IndyCar's Paul Tracy Under Investigation for Controversial Facebook Post Regarding Immigrants

Tracy says that a fake social media account made the comment using his name, although an involved person insists otherwise.

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Former driver and current IndyCar analyst Paul Tracy is being investigated by NBC after it received a tip mentioning heinous Facebook comments regarding immigrants and rape, allegedly made by the Canadian on Friday.

Indianapolis resident Chris Cunningham reported the social media posts which he says can be credited to Tracy's legitimate personal account. Opposingly, Tracy claims that a fake account using his name and likeness made the attacks which involved telling Cunningham he'd invite immigrants to his house "to listen to you play a mini guitar, then they are going to rape your wife then you." Cunningham, who shares mutual Facebook friends with Tracy and claims to be a basic acquaintance of the public figure, says that a hacker would not know he plays the mandolin, or mini guitar as mentioned in the comment, saying it must've been Tracy who posted the abusive statement.

NBC sent IndyStar the following statement regarding the investigation: “We are aware of the issue, and take it very seriously. Paul insists that he did not write the offensive posts. We’re continuing to investigate the situation.”

The comments in question were reportedly made on a post by a mutual friend of Cunningham's and the criticized account using Tracy's name. It mentioned Cesar Sayoc, the Florida man suspected of sending bombs in the mail to Democrats who've criticized President Donald Trump including former President Barack Obama and a string of celebrities. Sayoc was outwardly spiteful of immigrants and inexplicably supported Trump, adorning his van with pro-deportation stickers and decals.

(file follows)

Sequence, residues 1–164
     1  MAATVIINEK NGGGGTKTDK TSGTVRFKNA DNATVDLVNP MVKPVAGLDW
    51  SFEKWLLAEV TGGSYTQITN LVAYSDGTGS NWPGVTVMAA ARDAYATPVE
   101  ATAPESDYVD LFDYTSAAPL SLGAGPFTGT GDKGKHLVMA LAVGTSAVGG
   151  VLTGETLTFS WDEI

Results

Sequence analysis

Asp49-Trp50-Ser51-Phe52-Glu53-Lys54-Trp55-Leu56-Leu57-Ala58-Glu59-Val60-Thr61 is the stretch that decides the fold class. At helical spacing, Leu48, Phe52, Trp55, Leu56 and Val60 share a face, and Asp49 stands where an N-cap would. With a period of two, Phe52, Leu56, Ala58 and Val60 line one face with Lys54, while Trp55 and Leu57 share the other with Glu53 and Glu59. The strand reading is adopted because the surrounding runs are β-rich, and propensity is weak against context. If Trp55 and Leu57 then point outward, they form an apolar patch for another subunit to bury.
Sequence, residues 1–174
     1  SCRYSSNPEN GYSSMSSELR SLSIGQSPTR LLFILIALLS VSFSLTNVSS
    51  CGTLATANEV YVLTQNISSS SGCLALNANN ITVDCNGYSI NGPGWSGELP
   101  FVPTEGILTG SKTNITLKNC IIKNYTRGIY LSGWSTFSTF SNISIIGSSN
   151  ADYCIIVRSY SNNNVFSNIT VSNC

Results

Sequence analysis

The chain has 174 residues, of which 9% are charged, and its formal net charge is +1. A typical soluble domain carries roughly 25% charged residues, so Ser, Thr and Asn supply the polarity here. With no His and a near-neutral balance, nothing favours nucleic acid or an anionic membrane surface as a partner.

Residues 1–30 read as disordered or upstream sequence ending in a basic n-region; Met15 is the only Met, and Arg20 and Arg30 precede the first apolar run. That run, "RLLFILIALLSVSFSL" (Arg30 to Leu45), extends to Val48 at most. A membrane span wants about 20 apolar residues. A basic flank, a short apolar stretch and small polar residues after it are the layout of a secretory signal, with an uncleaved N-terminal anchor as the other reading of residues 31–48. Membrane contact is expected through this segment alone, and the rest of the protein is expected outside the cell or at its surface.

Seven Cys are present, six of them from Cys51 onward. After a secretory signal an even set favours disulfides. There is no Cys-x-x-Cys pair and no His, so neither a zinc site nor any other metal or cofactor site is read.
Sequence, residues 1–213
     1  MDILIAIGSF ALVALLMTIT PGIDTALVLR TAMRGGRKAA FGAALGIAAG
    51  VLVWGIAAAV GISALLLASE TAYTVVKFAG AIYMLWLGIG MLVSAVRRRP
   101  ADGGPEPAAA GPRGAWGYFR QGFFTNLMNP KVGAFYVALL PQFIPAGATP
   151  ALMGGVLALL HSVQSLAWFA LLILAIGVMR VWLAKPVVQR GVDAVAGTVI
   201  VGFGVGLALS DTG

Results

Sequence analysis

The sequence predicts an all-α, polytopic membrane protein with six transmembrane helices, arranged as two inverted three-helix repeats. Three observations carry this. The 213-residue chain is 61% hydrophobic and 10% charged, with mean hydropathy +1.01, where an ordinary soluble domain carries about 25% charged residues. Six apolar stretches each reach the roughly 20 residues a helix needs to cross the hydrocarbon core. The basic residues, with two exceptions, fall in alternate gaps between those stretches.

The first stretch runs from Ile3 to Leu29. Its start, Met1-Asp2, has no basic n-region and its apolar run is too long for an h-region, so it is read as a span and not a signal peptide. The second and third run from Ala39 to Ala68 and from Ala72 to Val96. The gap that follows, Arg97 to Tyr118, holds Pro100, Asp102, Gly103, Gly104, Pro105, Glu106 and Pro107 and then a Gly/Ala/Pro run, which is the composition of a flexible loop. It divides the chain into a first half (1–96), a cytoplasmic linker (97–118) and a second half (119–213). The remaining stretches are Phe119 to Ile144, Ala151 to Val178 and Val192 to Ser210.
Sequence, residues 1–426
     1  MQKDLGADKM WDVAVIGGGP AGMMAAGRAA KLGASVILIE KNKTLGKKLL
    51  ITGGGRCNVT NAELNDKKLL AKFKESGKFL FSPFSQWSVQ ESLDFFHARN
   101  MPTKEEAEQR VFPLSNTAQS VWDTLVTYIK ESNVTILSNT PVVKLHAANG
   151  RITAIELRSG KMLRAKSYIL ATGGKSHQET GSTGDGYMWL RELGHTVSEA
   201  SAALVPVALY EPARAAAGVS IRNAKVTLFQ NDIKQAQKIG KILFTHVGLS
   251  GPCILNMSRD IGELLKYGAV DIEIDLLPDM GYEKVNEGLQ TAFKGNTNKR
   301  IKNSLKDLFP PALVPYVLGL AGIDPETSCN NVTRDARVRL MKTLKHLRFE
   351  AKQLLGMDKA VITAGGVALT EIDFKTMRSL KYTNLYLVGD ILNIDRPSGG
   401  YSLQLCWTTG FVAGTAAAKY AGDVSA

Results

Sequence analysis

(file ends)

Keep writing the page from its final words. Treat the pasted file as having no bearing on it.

Cunningham explained that after seeing the hateful comment, he said, "I’m screenshotting this and taking it public and [Tracy] basically said, 'OK.'"

Cunningham's wife then tagged IndyCar and Tracy's employer, NBC, in the post asking, "You OK with this?" Afterward, the account alleged to be Tracy blocked Cunningham's wife. 

The former driver later posted on his verified Twitter account, pointing out several "security concerns and fake accounts" using his name which he says he reported to Facebook.

Meanwhile, Cunningham proposed, "If it was a fake Facebook post, why would the verified Paul Tracy block my wife?"

Tracy is a past CART, Champ Car, and IndyCar driver who competed for organizations such as Team Penske, Team Kool Green, and Forsythe Racing. He has served as an NBC analyst for the past five IndyCar seasons and is slated to return with the broadcaster next year as it takes on duties for the Indianapolis 500, replacing ABC after a longtime partnership spanning 54 years.